POLITICS APRIL 7, 2011
Around 11 a.m. on Thursday morning, Nancy Pelosi fielded a question from a journalist who wanted to know the same thing everyone else wanted to know: How, exactly, are the talks over a spending bill to avoid a government shutdown faring? The former Speaker of the House paused—back when Dems had a majority, after all, she would have been smack in the center of those negotiations. But now? “Well,” she sighs, “you would really have to speak to the Democratic leader in the Senate [Harry Reid], the president, and [Republican Speaker of the House John] Boehner—they’re the ones inside that room.”
That sums up the basic dynamic on the Hill at this point. Congress and the White House have until midnight Friday to agree on some sort of spending bill to keep the government funded. Otherwise, 800,000 federal employees get sent home, national parks close, financial oversight lapses, and basic services get disrupted. And, at this point, the deal over spending—assuming there is one—is getting thrashed out behind closed doors, between President Obama, Reid, and Boehner. Which means no one else in Congress has all that much to do. Except, that is, to try to get attention.
Pelosi, for one, held a press conference early in the day with Chris Van Hollen, the ranking Democrat on the House budget committee, to talk about the Republican budget for the next fiscal year, released on Tuesday. Technically, this is a separate issue from the hot topic of the hour—coming up with funding for the rest of the current fiscal year—but it’s clear that Democrats are happy to conflate the two. And why not? The House GOP budget, drafted by Wisconsin’s Paul Ryan, is already netting headlines for its sharp (and politically risky) cuts to Medicare and Medicaid. To a casual voter, it just might appear that Republicans are flirting with a government shutdown over cuts to health care for old people—precisely the issue that doomed Newt Gingrich during the 1996 shutdown. (Indeed, that’s why some Republicans wish that Ryan had held off on unveiling his budget.)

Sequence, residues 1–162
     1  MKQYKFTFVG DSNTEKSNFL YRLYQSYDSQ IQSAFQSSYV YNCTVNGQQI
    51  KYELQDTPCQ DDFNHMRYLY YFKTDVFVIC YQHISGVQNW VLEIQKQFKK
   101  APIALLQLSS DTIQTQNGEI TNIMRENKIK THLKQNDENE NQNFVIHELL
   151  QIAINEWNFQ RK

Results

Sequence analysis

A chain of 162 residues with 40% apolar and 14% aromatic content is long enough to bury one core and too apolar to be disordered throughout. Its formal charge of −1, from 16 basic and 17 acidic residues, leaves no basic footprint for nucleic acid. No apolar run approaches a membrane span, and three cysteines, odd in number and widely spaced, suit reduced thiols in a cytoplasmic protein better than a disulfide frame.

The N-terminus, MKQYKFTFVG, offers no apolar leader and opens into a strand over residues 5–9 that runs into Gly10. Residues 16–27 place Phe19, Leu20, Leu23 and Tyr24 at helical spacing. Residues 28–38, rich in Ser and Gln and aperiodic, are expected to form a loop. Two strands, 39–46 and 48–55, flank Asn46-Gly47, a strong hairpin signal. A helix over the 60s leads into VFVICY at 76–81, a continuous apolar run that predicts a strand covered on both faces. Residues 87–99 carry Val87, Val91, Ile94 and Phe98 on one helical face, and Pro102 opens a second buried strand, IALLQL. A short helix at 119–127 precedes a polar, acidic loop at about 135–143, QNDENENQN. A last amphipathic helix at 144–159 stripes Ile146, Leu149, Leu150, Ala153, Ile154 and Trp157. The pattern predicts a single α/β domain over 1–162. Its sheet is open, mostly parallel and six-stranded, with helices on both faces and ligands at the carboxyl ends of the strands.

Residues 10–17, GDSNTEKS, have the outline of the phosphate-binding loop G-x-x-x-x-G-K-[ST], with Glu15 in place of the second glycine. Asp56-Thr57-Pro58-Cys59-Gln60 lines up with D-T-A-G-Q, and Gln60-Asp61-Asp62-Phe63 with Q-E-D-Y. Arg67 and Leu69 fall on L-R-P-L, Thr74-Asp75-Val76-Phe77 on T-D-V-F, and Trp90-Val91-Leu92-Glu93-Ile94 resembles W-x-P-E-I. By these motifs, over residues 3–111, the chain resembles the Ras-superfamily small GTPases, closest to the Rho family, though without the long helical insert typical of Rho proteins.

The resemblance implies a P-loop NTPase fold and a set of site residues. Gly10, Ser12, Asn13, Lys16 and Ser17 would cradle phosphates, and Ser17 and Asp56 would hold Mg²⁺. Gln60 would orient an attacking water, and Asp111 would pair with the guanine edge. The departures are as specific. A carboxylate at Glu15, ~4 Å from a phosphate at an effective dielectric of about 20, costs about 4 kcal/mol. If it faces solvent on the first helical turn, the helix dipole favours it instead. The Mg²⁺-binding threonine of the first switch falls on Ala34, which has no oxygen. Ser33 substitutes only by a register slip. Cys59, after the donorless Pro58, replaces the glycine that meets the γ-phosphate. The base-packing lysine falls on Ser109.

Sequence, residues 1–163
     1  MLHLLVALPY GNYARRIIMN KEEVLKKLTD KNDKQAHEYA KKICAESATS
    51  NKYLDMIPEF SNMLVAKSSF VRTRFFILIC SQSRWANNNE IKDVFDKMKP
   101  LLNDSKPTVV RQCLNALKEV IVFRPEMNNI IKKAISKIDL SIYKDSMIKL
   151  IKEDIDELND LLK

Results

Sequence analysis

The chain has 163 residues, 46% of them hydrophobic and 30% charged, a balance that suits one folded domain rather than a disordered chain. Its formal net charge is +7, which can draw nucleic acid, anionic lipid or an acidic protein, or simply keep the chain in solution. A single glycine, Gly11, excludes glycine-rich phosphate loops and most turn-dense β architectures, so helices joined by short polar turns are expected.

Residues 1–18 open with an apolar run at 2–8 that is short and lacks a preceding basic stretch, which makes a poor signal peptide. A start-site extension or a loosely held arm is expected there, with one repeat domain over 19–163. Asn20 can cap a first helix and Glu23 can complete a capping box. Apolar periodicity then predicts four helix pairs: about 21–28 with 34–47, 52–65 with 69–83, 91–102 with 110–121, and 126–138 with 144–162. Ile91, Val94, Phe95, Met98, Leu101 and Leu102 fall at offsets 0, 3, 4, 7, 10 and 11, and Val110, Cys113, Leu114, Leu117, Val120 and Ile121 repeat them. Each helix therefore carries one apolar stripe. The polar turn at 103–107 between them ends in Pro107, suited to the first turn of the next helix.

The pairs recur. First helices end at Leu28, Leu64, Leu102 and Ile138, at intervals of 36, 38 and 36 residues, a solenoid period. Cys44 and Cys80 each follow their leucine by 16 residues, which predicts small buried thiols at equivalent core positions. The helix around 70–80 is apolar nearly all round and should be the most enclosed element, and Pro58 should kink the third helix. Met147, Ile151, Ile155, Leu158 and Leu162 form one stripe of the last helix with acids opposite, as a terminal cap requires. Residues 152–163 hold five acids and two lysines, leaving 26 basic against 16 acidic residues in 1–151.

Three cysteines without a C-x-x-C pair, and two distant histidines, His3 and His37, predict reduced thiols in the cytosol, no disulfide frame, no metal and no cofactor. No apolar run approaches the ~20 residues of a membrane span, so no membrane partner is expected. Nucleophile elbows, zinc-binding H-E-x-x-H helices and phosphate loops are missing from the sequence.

Pelosi and Van Hollen were all too happy to oblige. On Wednesday night, the House Budget Committee had marked up Ryan’s “Path to Prosperity” budget, and Democrats had put forward a flurry of amendments that had zero chance of passing but did make life uncomfortable for conservatives—such as a measure to prevent tax hikes on the middle class. James Lankford, a freshman Republican from Oklahoma, sounded weary about the Dems’ gambit when he talked with Slate: “I understand the role of the minority is to establish great talking points for press conferences.” He was right: On Thursday, Pelosi sounded shocked, shocked that Republicans had voted to pare back Medicare benefits: “Can you imagine that? Forcing seniors to pay more for their prescription drugs…”